Big Ten scraps nonconference football games due to pandemic with Pac-12 expected to follow, leaving Hawaii’s schedule uncertain


University of Hawaii’s Khoury Bethley (left) and Darius Muasau

Thursday marked the most significant news day regarding the upcoming college football season amid the COVID-19 pandemic, as the Big Ten Conference announced that it will not play nonconference games in 2020 with multiple reports adding that the Pac-12 will eventually do the same.

Just days after it was revealed that Fordham’s September 12 trip to the islands was scratched, the UH nonconference slate may be taking a big blow if the Pac-12 does go through with a conference-only season. The Rainbow Warriors are scheduled to open the year against Pac-12 members Arizona on Aug. 29, UCLA on Sept. 5 and Oregon on Sept. 19 before starting Mountain West Conference games.

“I would say that the news today from the Big Ten, I think you’re going to see that from the big five conferences and of course that’s going to jam Hawaii,” ESPN’s Neil Everett told KHON2 sports director Rob DeMello.

“I really think it started Wednesday when the Ivy League announced that they were shelving all their fall sports until at least Jan. 1. That was the tip, the Ivy League doesn’t have the money that the big five has but it was the Ivy League who started things going in college basketball. Ending their tournament and everyone was like, ‘What are you doing?’ Well, and then we see what followed. So I think we kind of felt like this is probably headed down that way. We’re just headed down the wrong way on the road with this virus and we got to get it under control,” said Everett.

If the seemingly inevitable announcement is made by the Pac-12 and UH doesn’t find a replacement to the Fordham game lost, then first-year head coach Todd Graham would tentatively lead the ‘Bows out of the tunnel for the first time against Nevada at Aloha Stadium on Oct. 3, with conference independent New Mexico State slated for seven days later in Halawa.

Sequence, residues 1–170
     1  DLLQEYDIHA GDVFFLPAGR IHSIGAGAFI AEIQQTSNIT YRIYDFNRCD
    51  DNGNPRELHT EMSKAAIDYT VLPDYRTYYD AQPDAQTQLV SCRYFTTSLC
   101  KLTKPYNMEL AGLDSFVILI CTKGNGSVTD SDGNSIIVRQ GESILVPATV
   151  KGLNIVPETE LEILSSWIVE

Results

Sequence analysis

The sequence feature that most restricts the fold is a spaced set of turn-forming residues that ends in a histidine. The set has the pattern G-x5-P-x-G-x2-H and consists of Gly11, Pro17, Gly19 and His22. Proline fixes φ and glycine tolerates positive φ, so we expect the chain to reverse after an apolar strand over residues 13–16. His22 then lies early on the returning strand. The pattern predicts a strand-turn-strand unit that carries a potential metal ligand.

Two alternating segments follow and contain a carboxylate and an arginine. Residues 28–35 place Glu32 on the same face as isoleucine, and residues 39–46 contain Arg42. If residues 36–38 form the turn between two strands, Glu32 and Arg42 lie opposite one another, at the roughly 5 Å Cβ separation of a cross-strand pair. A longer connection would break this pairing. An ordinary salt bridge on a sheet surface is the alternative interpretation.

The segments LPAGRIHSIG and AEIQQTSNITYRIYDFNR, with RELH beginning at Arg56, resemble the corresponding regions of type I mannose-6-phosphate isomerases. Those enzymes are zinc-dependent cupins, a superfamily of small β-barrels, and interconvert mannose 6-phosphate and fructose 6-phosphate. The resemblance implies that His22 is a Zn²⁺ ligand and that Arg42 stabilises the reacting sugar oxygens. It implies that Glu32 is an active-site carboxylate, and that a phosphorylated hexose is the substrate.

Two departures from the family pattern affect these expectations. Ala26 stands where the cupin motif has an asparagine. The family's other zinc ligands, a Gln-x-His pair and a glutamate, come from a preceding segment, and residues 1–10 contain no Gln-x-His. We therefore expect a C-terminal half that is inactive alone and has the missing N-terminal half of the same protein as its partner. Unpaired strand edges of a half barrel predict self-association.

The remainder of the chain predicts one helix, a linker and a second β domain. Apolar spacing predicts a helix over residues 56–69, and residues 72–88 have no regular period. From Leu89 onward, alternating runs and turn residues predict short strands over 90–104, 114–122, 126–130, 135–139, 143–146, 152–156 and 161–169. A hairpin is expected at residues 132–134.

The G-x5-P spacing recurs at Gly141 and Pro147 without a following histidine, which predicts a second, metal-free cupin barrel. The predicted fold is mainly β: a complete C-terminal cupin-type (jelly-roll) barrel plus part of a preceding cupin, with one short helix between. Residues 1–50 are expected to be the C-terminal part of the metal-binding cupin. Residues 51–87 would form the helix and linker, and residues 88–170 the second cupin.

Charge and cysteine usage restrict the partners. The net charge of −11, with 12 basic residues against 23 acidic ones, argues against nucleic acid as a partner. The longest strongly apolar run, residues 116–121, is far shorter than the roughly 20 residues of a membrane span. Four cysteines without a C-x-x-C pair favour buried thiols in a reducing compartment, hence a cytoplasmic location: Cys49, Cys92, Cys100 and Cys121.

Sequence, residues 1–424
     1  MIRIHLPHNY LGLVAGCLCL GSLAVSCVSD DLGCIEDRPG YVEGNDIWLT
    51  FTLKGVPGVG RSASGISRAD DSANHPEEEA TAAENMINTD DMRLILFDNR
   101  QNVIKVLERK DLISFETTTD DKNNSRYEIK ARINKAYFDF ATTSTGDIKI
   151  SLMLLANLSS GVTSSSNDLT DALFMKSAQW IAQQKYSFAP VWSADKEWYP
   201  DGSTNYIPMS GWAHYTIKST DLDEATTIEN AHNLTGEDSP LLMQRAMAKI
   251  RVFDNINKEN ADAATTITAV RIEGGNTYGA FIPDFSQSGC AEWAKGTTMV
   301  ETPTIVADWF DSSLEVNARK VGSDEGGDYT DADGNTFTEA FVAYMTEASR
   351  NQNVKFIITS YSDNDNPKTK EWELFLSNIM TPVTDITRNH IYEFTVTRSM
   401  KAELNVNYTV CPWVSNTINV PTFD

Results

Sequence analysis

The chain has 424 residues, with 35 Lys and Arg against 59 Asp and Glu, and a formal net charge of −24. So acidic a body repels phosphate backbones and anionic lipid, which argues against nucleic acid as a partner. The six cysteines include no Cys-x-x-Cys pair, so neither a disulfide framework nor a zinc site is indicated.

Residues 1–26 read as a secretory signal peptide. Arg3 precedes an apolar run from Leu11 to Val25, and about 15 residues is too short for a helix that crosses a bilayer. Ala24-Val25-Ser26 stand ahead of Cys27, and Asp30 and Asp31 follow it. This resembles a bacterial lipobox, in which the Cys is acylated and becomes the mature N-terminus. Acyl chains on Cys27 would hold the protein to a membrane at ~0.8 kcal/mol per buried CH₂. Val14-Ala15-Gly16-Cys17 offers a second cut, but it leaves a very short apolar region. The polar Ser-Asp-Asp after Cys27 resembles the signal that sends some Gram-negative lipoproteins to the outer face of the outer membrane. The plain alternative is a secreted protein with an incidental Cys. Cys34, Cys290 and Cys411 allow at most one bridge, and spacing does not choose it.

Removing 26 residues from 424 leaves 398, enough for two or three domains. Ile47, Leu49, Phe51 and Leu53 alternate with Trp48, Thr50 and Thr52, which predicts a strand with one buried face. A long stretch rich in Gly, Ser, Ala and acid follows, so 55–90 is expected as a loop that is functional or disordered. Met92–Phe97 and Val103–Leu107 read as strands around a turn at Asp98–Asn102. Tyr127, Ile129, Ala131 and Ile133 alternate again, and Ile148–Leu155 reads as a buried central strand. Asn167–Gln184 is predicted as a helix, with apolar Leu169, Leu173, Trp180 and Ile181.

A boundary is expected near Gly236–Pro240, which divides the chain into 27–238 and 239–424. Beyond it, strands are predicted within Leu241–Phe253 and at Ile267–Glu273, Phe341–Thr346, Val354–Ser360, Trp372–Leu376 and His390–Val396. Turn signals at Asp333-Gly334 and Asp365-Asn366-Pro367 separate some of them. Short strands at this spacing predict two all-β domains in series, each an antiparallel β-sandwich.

“It gives a chance over 13, 14, 15, maybe 16 weeks, so over four months to play eight, nine, 10 games. Then you salvage some sort of season for the kids. There are still a lot of other hurdles but I think that is the thinking behind going to only conference and being able to stretch it out,” said Everett.

In accordance with the NCAA’s six-week preseason plan, the Rainbow Warriors opened mandatory strength and conditioning workouts on Monday with walkthroughs and team meetings approved for July 17 with training camp set to open on July 31.

However, if the team’s Power Five nonconference games are canceled, there are questions surrounding Group of Five conferences such as the Mountain West’s financial outlook and if it could afford to hit the field in empty stadiums without the million dollar paydays that games against the likes of the Pac-12 provides to a school’s athletic budget.

“I’d certainly be nervous,” said Everett. “It’s all about balancing your budget one way or another. If football takes a big hit, then that money has got to be made up somehow or you got to make the cuts. I think that’s the question that all the AD’s at those schools are. I think the athletics directors at big five schools are thinking that just because they got all the money, if some is good, more is better.”

As of now, neither UH nor the MWC has commented on Thursday’s developments, but meetings between all conferences will continue through next week.

“I’m not that confident. The college football is great. The college experience is great. It’s incumbent upon being able to breathe and live, so I think this is just one of the sacrifices and when we look at the big picture I think it’s going to be a s sacrifice being made for mankind,” said Everett.

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